Howard Lederer agreed to a settlement with DoJ prosecutors that calls for the forfeiture of a small fraction of the $42 million sought by the government.
The former Full Tilt board member admitted no wrongdoing in the Stipulation and Order of Settlement of the Black Friday allegations against him and has to fork over a number of assets to comply with the agreement. Those assets include the undetermined funds in several bank accounts, two of his lesser real estate holdings, $1.25 million in cash, and an iconic Shelby Cobra automobile. Though the actual overall value of the assets in question remains indeterminate, various reports have set a price tag in the range of $2.5 million to almost $10 million.
In the second amended civil complaint filed against Lederer and his co-defendants, prosecutors were seeking roughly $42 million in assets from the two-time WSOP bracelet winner. So Lederer escapes the enormity of the allegations with the proverbial slap on the wrist, allowed to keep Las Vegas residences valued in the millions and a number of expensive vehicles.
Lederer also agreed not to work in the U.S. online gambling marketplace until such time that it is legal to do so and he receives clearance from the appropriate regulatory agencies. That language is similar to that found in the settlement agreement that Lederer’s co-defendant, Rafe Furst, agreed to roughly one month ago. Still on the hook with pending charges are fellow Full Tilt board members Chris Ferguson and Ray Bitar. The rumor mill is grinding stories that Ferguson’s attorneys are currently in negotiations with DoJ prosecutors and that “Jesus” will soon join Furst and Lederer on Easy Street. Bitar’s fate is still undecided, presently on electronic home-monitoring in California and facing criminal charges in addition to the civil allegations.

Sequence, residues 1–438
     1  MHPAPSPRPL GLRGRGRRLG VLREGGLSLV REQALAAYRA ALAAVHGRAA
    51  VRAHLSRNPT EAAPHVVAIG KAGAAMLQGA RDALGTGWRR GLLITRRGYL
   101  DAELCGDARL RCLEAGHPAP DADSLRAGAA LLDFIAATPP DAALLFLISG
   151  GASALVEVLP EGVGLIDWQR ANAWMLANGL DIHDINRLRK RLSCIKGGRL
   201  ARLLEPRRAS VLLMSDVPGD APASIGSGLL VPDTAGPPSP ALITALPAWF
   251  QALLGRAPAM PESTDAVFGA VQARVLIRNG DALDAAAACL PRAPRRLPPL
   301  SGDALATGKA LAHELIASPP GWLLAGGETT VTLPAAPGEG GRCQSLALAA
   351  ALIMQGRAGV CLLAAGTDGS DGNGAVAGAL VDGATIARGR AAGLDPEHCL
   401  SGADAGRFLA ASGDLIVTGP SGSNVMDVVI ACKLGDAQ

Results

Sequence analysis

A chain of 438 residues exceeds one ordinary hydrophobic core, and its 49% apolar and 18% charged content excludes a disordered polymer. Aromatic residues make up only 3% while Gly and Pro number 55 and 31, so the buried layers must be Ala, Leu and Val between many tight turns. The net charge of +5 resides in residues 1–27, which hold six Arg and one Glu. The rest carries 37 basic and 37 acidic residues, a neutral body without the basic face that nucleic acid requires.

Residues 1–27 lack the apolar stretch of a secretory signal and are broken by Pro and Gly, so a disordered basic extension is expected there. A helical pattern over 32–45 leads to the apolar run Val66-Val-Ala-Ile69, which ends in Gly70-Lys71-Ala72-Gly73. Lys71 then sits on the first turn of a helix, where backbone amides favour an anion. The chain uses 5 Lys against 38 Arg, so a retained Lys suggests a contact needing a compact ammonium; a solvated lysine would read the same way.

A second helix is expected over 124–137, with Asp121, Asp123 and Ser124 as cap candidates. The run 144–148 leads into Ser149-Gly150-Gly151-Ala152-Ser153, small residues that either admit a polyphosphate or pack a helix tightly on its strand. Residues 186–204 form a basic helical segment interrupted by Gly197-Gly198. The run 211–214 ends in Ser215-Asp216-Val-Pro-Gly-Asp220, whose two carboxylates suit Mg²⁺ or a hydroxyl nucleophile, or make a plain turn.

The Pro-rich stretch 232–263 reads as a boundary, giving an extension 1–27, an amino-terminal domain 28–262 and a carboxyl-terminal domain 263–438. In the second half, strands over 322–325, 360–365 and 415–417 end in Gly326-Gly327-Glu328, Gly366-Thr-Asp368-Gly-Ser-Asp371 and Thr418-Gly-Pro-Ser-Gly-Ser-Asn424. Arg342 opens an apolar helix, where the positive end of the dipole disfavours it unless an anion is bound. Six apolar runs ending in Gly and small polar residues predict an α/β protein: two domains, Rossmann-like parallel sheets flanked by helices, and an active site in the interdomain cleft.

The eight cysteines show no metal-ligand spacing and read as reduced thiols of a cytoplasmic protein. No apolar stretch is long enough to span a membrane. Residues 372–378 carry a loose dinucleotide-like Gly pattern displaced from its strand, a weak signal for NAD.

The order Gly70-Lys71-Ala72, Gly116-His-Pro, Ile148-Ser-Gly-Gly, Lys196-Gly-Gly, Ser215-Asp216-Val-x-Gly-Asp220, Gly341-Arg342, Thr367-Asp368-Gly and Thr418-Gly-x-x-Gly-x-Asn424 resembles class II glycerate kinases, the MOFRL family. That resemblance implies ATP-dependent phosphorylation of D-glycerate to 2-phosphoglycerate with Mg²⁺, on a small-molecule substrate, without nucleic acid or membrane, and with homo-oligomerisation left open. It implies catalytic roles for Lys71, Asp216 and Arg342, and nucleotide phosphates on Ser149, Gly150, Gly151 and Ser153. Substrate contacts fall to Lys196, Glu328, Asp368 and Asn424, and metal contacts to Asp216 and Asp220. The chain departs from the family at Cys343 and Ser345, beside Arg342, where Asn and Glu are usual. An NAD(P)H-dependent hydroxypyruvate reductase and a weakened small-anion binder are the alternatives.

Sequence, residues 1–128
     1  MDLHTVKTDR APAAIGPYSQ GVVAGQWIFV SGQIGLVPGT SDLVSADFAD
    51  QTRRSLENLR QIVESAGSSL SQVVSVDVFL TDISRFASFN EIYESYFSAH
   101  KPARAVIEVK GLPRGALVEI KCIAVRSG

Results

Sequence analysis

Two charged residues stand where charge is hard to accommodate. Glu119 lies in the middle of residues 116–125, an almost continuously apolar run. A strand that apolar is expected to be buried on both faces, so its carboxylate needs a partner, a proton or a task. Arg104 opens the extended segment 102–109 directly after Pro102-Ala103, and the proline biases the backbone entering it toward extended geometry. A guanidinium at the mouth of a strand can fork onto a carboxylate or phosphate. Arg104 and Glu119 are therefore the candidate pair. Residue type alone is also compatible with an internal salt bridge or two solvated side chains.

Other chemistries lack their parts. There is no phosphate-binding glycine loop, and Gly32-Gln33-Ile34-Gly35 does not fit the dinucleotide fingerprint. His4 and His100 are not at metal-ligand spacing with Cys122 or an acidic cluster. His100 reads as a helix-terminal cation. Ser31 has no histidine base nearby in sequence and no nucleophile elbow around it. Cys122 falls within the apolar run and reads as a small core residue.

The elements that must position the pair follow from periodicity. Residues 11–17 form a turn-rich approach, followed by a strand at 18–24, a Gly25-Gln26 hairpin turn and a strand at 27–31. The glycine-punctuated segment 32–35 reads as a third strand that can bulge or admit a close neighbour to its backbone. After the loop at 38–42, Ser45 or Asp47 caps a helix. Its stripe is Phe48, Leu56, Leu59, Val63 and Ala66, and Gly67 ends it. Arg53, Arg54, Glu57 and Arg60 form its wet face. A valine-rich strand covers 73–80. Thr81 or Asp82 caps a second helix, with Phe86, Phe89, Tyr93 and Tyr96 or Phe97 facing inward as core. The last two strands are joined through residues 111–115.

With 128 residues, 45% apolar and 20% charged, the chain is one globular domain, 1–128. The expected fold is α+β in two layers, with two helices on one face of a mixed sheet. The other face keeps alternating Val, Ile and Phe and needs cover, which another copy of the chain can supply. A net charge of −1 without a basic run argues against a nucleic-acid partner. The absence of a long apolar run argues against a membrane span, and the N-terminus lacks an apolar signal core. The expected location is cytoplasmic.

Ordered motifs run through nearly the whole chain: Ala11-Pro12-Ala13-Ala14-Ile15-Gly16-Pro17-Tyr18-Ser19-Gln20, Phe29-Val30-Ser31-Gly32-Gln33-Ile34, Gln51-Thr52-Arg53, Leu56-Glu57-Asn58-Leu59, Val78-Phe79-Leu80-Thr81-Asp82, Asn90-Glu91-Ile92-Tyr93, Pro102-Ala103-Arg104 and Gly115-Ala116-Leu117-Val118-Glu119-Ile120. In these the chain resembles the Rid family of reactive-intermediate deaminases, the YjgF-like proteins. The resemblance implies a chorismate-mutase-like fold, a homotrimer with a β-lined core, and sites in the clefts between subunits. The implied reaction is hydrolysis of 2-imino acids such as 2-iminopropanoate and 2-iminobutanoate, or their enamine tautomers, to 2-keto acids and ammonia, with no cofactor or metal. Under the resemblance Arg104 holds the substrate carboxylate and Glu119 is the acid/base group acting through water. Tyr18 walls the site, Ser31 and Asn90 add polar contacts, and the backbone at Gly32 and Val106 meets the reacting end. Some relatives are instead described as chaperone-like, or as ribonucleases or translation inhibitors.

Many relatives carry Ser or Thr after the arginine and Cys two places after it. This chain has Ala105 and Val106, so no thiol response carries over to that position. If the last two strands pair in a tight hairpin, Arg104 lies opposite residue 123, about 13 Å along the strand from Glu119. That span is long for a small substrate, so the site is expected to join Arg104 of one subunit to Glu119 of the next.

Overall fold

Lederer’s deal has been met with anger from the poker community. Seen as the Full Tilt board member second to only Bitar in knowing the most about the intricate workings of the company, Lederer did not earn any brownie points with players by remaining silent for about 1 and 1/2 years after the mismanagement at Full Tilt was discovered. “The Professor” was further lambasted by players and the media alike when he finally did speak out in a series of interviews that many regarded as less than truthful. And now, a sweet deal with the DoJ that allows him to keep most of his perhaps ill-gotten wealth has posters at online poker forums spewing hatred once again.